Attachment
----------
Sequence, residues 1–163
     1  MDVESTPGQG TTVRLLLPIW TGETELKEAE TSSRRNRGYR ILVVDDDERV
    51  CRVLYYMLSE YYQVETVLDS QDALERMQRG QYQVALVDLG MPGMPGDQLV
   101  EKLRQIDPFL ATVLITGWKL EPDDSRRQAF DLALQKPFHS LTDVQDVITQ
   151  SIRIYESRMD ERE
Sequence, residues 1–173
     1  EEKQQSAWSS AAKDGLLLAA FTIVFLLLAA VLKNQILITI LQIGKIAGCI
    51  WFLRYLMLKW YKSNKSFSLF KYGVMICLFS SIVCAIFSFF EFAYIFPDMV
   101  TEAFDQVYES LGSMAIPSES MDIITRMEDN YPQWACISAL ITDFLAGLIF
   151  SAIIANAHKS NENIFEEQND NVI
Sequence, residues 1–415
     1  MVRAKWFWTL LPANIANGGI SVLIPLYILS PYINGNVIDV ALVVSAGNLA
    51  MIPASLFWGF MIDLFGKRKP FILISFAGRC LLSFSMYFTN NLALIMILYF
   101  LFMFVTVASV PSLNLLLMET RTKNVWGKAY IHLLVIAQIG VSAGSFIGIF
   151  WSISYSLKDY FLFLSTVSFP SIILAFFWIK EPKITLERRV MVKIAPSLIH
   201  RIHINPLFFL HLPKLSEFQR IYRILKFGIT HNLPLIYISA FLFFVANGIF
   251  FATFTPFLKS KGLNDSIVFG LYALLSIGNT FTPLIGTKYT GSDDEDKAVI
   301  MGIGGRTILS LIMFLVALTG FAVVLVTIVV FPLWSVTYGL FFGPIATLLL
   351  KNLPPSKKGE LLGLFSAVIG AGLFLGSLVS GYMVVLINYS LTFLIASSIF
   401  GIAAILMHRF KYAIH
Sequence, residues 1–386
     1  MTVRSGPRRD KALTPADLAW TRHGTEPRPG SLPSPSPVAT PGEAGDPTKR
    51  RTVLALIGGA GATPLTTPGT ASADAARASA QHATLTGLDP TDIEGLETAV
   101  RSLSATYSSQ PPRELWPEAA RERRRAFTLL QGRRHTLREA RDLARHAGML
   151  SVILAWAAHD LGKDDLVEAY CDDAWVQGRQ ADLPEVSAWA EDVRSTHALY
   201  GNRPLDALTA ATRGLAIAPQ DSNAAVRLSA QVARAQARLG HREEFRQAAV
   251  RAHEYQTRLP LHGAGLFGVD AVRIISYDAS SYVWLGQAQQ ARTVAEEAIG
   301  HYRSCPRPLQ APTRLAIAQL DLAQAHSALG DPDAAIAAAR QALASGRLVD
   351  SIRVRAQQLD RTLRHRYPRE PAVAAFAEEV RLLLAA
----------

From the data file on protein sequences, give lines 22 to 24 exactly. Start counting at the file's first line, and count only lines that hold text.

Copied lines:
     1  MTVRSGPRRD KALTPADLAW TRHGTEPRPG SLPSPSPVAT PGEAGDPTKR
    51  RTVLALIGGA GATPLTTPGT ASADAARASA QHATLTGLDP TDIEGLETAV
   101  RSLSATYSSQ PPRELWPEAA RERRRAFTLL QGRRHTLREA RDLARHAGML